The 3 key trends in the global prime residential market
While mainstream residential markets are driven by domestic buyers, prime property is affected by the world’s high-net-worth individuals, who relocate and buy additional homes for business and leisure. London, New York, Hong Kong and Singapore remain among the most globally invested cities, but buyer demand is diversifying. Here are three key trends.
1. Iberia is back in vogue
A recovering housing market has put Spain back on the map for a broad range of international buyers. Once dominated by the British, other Northern Europeans are now active – Germans and Scandinavians particularly so. Madrid and Barcelona have global appeal, with demand from Russia and the Middle East, and there is rising activity from Spanish-speaking South Americans. In Portugal, international buyers have transformed the Lisbon market, attracted to its historic centre. Many entrants – particularly those from Brazil, South Africa, Russia and Turkey – took advantage of Portugal’s golden visa programme. Other EU citizens, notably the French, are attracted by its non-habitual residency scheme.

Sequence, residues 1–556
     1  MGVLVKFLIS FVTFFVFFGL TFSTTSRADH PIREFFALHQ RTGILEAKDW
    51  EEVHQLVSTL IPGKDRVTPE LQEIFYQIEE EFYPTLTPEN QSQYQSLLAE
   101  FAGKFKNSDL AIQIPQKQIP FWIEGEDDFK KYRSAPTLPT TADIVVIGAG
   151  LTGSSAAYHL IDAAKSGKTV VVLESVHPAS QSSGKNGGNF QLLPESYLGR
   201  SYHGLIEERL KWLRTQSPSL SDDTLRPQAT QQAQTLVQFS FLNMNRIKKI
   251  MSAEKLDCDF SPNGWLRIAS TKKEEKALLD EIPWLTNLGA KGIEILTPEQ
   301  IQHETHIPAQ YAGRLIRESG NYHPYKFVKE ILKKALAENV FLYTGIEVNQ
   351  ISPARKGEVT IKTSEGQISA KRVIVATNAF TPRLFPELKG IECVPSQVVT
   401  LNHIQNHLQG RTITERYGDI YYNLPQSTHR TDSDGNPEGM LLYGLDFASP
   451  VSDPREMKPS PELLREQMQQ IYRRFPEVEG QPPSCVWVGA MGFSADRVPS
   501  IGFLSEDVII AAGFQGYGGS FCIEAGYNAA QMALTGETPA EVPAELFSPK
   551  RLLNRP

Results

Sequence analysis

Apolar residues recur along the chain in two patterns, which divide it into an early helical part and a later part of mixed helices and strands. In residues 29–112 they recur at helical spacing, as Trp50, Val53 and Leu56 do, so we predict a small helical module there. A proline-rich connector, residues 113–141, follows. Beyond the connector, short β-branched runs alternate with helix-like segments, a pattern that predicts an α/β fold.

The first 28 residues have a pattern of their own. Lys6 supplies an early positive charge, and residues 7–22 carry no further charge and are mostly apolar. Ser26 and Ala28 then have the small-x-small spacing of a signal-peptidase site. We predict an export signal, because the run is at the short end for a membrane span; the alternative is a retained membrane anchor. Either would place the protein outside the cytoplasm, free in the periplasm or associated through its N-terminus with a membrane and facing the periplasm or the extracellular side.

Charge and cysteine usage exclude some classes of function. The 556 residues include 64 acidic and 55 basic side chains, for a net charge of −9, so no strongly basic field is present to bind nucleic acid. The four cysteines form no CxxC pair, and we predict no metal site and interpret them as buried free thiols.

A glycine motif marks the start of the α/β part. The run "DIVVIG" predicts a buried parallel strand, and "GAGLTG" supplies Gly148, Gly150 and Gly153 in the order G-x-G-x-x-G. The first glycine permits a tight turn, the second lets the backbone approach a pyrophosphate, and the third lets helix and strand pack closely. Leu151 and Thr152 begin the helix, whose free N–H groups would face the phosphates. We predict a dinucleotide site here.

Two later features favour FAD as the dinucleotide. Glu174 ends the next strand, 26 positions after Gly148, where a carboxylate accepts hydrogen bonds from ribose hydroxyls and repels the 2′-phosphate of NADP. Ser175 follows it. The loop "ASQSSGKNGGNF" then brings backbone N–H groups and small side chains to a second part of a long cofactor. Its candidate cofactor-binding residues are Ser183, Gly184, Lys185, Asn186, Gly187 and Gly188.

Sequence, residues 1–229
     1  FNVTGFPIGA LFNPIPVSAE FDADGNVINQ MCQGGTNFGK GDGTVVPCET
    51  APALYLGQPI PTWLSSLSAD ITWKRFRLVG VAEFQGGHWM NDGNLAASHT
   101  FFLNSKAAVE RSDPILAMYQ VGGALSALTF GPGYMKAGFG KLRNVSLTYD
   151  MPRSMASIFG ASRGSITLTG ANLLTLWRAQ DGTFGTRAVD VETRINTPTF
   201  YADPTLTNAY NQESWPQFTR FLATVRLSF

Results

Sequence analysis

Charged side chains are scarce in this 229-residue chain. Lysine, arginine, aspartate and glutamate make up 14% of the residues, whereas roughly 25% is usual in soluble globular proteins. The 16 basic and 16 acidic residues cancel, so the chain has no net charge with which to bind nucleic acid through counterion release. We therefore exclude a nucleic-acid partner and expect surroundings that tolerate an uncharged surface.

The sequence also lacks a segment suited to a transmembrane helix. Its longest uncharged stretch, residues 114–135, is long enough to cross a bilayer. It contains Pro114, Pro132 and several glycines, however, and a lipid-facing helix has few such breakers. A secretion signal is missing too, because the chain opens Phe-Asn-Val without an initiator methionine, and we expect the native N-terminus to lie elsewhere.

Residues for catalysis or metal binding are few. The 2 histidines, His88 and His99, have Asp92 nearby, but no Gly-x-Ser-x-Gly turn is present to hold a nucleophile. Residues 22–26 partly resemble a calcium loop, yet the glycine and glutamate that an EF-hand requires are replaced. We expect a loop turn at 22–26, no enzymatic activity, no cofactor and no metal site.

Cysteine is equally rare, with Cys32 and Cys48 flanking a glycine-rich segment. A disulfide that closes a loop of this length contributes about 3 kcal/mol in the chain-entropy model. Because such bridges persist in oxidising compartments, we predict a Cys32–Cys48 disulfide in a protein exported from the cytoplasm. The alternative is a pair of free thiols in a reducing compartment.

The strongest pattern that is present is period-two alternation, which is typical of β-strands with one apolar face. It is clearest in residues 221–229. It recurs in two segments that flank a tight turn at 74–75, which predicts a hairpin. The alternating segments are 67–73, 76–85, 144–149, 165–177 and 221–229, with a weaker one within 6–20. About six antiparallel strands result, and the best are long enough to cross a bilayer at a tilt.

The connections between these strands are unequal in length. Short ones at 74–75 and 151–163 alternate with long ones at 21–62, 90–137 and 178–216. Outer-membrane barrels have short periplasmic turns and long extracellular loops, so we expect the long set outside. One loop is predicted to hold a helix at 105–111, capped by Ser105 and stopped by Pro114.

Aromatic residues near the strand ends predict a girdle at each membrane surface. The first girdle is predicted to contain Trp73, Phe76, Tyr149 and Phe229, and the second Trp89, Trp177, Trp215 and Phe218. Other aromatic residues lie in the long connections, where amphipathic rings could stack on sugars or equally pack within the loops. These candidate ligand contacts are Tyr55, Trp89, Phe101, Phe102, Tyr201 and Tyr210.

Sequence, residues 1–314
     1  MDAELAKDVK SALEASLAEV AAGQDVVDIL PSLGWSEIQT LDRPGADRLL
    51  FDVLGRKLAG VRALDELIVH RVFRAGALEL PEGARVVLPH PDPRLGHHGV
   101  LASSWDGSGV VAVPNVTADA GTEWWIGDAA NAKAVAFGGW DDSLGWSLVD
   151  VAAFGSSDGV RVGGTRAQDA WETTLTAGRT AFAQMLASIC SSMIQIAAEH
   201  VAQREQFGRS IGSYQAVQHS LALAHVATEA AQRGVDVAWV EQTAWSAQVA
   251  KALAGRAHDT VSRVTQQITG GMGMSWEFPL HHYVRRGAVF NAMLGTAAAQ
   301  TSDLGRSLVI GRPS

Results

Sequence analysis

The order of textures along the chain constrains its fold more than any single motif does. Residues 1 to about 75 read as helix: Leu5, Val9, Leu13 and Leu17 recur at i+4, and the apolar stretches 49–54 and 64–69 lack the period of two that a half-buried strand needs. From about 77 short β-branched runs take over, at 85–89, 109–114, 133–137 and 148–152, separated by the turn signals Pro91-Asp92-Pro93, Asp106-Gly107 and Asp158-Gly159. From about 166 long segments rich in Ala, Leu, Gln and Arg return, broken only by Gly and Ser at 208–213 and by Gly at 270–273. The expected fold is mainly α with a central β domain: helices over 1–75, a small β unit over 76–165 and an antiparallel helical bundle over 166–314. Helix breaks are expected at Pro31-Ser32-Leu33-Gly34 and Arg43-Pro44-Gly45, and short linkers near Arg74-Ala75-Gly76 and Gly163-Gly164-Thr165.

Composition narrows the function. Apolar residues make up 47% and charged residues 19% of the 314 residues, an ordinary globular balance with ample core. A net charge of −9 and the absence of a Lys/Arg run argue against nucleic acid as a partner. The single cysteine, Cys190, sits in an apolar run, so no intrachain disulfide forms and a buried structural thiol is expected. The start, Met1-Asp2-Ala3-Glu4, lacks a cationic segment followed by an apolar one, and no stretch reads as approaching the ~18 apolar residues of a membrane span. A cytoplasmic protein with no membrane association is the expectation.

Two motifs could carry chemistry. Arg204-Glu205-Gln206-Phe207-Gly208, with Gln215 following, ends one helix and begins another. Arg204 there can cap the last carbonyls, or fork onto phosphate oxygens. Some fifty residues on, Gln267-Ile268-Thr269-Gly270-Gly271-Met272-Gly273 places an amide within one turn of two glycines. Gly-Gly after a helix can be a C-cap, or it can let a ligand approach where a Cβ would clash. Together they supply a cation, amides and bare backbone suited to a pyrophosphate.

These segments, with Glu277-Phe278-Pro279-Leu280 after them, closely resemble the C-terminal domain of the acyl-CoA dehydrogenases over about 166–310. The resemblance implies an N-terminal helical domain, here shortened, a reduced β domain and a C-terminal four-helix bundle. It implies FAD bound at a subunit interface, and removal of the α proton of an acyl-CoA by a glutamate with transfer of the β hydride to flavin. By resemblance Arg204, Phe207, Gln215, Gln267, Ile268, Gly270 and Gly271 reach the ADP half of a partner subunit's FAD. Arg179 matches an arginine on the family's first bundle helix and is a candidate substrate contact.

2. International activity declines in the US
Overseas buyers accounted for 8% of all home sales in the US in the 12 months to March 2018, with total activity down 6% from a 2017 peak. For the sixth consecutive year, the Chinese were the top purchasers – they spent $30.4 billion in 2018 – and still account for 15% of overseas buyers, despite tighter regulations on outbound capital from China. They are most active in California, where they compete against other international buyers from South Korea and Singapore, particularly in Los Angeles. In New York, the international base is broader, and also includes purchasers from Europe, Russia, the Middle East and South America.
3. The Chinese spread their wings
The Chinese are rapidly maturing as residential investors and are more diverse in their buying activity than ever. Heavily investment driven, education is also a key determinant. The UK and US, home to the world’s best universities, are the top destinations for this reason. Premier world cities have long been the first choice for Chinese buyers, led by London, New York, Hong Kong, Singapore, Los Angeles and San Francisco. Historically, Australian and Canadian cities were also important, but international demand has softened following increased restrictions in these markets. As the demand base has deepened, Berlin and Frankfurt are on the radar, with investors attracted by lower entry points and secure income streams.
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